Rami (Sam Abbas) is engaged to be married to Sara (Nikohl Boosheri) starting the early stages of their wedding plans. All the while, he shares a secret love affair with another man, unbeknownst to his traditional Muslim family.
At times, The Wedding shows glimmers of hope as an understated forbidden romance, but it just falls pale to its own film influences. The film showcases a Blue Valentine poster in the bedroom of Rami and Sara. It’s clear the film is an influence for The Wedding but has a hard time living up to its predecessor.
“Rami is engaged to be married to Sara…all the while, he shares a secret love affair with another man…”
Watching the deteriorating relationship of the two newlyweds, it’s hard to root for its success even before the introduction of Lee (Harry Aspinwall), Rami’s secret lover. Sure, they seem to be in love and express early signs of on-screen chemistry, but as the film progresses, like their engagement, things begin to fizzle. By the fifteen minute mark, you already believe they’ve lost all love for each other. Rami and Lee share a few notable, small moments together that provide the much-needed passion that’s missing throughout. Unfortunately, those moments are few and far between. More often than not, this issue is exponential as the two deliver a large portion of the film’s dialogue through text messages. With a deft hand, this device can serve as a refreshing break from more extended dialogue and potentially add needed commentary. That’s just not the case here.
As Rami, Sam Abbas effectively pulls off the closeted lackadaisical fiancé with a volatile heart, but he never really gets the character off the ground to the true profundity the script requires. Lee (Harry Aspinwall) should have been a more integral part of the story, but his screen time was limited primarily to scenes of passion and he barely gets to utter a word between kisses.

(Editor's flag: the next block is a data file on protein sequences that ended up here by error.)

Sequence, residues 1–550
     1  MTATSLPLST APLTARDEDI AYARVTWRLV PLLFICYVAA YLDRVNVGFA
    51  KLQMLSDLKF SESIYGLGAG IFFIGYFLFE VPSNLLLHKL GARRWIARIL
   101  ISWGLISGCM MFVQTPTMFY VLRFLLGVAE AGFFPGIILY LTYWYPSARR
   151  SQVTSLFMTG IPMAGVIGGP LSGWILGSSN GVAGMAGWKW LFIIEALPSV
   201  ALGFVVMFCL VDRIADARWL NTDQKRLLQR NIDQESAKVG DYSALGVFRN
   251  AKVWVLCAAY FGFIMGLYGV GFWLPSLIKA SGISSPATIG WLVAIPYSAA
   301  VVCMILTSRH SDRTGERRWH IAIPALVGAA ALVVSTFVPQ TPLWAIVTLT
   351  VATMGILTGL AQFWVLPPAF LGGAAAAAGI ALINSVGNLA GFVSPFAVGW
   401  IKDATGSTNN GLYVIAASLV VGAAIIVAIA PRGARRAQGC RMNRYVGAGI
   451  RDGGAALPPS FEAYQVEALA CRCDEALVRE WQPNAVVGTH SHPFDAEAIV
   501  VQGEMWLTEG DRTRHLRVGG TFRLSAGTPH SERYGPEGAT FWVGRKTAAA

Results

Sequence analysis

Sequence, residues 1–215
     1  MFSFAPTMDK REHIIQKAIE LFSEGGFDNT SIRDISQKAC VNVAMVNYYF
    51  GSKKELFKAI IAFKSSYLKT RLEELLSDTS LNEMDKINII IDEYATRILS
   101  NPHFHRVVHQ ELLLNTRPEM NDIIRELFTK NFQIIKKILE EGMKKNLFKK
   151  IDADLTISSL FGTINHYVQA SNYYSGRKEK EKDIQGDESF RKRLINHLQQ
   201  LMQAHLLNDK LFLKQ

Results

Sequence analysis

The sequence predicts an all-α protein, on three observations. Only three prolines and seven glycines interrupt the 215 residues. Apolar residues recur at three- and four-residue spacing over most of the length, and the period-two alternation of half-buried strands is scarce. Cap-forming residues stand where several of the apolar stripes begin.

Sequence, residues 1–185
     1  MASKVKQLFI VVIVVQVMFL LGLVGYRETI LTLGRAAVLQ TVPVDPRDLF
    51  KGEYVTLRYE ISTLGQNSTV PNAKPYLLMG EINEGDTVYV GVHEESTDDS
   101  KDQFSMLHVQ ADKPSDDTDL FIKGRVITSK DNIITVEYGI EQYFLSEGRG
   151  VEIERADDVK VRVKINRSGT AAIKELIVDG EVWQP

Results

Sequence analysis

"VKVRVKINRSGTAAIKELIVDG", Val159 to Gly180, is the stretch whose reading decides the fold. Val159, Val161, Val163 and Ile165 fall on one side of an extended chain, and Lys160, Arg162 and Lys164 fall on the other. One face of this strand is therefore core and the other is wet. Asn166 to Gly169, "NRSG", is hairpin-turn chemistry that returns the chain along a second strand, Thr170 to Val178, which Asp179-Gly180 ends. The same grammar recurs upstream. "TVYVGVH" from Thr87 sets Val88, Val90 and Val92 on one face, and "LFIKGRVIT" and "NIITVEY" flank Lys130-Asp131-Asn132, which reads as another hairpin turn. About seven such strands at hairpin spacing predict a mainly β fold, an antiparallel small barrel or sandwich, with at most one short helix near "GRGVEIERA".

“…Boosheri is the film’s standout performance of a woman watching her illusion of a relationship falls through her fingertips.”
A major reason for Rami’s closeted affair with Lee is the eventual misunderstanding that would come from his traditional Muslim family. Most of this is gained from context, however. Besides a few momentary texts from his mother, the film doesn’t give into the direness of his family discovering his secret.
Nikohl Boosheri is the film’s standout performance of a woman watching her illusion of a relationship falls through her fingertips. Her quiet-turned-explosive moments bring the much-needed life into The Wedding.
This could’ve, more should’ve, been a darling of a film in a climate willingly to welcome it with open arms. But, this dreamlike love story, plays out more like a forgettable daydream.
The Wedding (2018) Directed by Sam Abbas. Written by Sam Abbas Starring Sam Abbas, Nikohl Boosheri, Harry Aspinwall.
6 out of 10